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There was one item on my daughter's Christmas list that was mentioned over and over again. She even managed to ask Santa on two different occasions for a "chocolate lolly maker".
Just before Christmas this chocolate lolly maker by John Adams seemed to be very popular and the price shot up from around £17 to approx £25. I managed to get the last one on the shelf in our local large toy superstore a week before Christmas so we had a very happy four year old on Christmas morning.
In the box you receive a plastic contraption in feminine shades of pink and purple, lolly sticks, moulds, word stamps, foil wrappers and some ribbon.
The idea of the set is to be able to make pretty chocolate lollies for you and friends to enjoy. There is no chocolate included in this kit but suggests using a well known brand of chocolate buttons.
First impressions the set looks quite sturdy. The set up really acts as a station for storing the moulds and stamps before acting as a machine to wrap the lolly in a wrapper at the end of the process.
To make it safe for children to use, the machine provides what looks like a small plastic bath that can be filled with hot water and this will then melt the chocolate.
I found this part of the set to be the worst performance wise. Even with almost boiling water, the chocolate didn't melt very quickly so I end up melting the chocolate over boiling water and a jug which takes away the independence from my daughter slightly, but otherwise I feel we would be waiting for too long each time we wanted to make some lollies.
You receive four different lolly moulds, a flower, heart, horse and rabbit shape. These are supplemented by word stamps in the form of "thank you", "I love you" etc. Plenty to choose from if you want to add a sentiment to your lolly.
The moulds are made from a decent strength silicone. They are designed to have a space for the lolly stick to be inserted and then clipped in. Sadly being silicone and bendy we found that the sticks wouldn't sit in the mould perfectly and needed a bit of assistance. When left the stick would almost float during the early part of the setting process and would come away from the mould.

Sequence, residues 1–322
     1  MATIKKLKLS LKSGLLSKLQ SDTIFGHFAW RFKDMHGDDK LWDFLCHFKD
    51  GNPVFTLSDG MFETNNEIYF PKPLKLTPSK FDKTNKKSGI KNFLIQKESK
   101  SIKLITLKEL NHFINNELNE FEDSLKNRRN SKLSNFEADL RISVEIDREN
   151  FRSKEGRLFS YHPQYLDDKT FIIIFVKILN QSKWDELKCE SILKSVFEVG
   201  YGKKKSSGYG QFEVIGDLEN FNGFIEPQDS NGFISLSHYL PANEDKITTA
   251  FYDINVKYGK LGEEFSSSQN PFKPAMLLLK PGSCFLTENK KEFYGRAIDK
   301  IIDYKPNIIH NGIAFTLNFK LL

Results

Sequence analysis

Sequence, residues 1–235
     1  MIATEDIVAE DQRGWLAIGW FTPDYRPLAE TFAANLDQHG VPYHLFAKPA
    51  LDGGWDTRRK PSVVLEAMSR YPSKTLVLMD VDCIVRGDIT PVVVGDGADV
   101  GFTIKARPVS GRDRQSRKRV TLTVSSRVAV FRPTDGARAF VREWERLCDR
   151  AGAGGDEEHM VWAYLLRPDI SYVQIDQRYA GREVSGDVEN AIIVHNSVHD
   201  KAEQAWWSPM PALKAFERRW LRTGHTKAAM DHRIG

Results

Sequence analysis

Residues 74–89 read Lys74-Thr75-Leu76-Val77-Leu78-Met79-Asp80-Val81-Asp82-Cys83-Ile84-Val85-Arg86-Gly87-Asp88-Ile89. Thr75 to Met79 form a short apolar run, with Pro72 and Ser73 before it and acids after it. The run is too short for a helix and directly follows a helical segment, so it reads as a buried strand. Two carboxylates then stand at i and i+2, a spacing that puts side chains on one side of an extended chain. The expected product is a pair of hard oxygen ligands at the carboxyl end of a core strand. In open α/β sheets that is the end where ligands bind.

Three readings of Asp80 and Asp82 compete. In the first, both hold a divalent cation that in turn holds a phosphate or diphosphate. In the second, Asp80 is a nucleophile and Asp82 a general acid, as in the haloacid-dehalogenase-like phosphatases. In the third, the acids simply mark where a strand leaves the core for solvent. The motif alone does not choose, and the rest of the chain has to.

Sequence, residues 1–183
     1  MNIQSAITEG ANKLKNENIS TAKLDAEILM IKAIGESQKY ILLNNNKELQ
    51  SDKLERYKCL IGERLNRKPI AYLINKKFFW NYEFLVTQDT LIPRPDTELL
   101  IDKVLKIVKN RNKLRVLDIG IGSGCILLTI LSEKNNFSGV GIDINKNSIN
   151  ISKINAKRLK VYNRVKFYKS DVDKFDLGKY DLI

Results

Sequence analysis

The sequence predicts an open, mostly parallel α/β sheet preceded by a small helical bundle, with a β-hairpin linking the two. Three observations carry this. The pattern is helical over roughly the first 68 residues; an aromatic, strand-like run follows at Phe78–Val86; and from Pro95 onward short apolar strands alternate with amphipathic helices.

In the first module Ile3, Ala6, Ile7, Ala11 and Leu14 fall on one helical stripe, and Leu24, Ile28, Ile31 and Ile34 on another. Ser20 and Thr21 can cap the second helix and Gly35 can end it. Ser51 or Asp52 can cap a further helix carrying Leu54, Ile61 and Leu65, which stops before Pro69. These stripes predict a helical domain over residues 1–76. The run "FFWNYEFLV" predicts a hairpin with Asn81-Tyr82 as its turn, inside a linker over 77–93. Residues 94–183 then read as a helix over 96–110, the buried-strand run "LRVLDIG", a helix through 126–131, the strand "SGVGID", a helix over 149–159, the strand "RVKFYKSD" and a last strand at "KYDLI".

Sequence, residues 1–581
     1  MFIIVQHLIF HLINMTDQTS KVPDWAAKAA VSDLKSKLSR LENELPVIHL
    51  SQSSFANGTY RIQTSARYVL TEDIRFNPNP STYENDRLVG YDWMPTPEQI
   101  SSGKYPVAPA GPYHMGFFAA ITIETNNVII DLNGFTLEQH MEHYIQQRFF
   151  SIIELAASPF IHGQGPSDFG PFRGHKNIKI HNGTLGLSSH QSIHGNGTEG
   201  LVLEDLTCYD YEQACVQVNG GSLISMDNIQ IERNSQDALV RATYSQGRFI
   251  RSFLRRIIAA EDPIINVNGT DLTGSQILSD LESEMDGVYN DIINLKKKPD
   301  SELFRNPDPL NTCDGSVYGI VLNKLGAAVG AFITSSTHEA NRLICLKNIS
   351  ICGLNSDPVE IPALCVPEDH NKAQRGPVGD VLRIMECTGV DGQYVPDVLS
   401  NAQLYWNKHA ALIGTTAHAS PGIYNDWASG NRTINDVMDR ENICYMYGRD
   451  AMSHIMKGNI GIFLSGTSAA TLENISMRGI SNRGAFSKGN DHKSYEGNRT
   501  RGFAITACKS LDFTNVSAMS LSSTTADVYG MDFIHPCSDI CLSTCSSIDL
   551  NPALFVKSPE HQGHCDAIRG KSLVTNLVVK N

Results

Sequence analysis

Each mould makes a lolly in around a 5cm diameter. This is a nice size for a child's lolly without it appearing and being too big.
Once your chocolate is melted, it's a simple process to pour into the moulds. We found it was easier to make all four in one go, and using half a bar of value chocolate broken up into tiny pieces, we realised this was just enough to make four lollies.
Once the chocolate is almost at the rim of the moulds, then add in your stick and secure with the strap and as above, keep until the chocolate just starts to go off slightly.
You can put these lollies in the fridge or freezer depending on how quickly you want them to set. The first time we made these lollies we made the mistake of placing in the freezer, removing after the recommended time of ten minutes to stamp our wording onto the lolly. By this time the chocolate had set hard and the stamp didn't make any indentation at all, so I recommend using the fridge if you want to add sentiment to the lolly.
The setting process takes around fifteen minutes in the freezer before they can be removed from the moulds and placed upright in the machine ready to be wrapped.
The idea of wrapping the lolly is to place in a foil bag provided and then, ensuring the foil bag is below the closure line in the machine, you will be able to turn the handle which twists the lolly giving the foil bag a good seal at the base. Finish by tying off with a ribbon and you have a pretty lolly in a bag.
In reality we found that the lolly didn't twist very well unless you were watching what you were doing and the lolly had been placed well inside the machine. The only reason you have to tie off with a ribbon is if you are giving the lolly as a gift, otherwise we found just placing in the foil bag was enough and then we could re-use the bags the next time.
The lolly sticks are designed to be reused but this is really only suitable if you are not giving them as gifts. Despite being able to wash up and make hygienic again, lolly sticks have a tendency to be nibbled by children so the thought isn't an attractive one to me to re-use.
Overall my daughter has been very pleased with this toy, and she is always wanting to make lollies. From a parents perspective, I think the toy is quite expensive for a piece of plastic, but it does promote some independence in the kitchen, and lets the imagination flow so it gets good marks from me in that department.
Despite the annoying little quirks with the machine and the fact you will have to buy supplies after a while which will no doubt be difficult to purchase and expensive for what you want, I do think this is a nice present idea.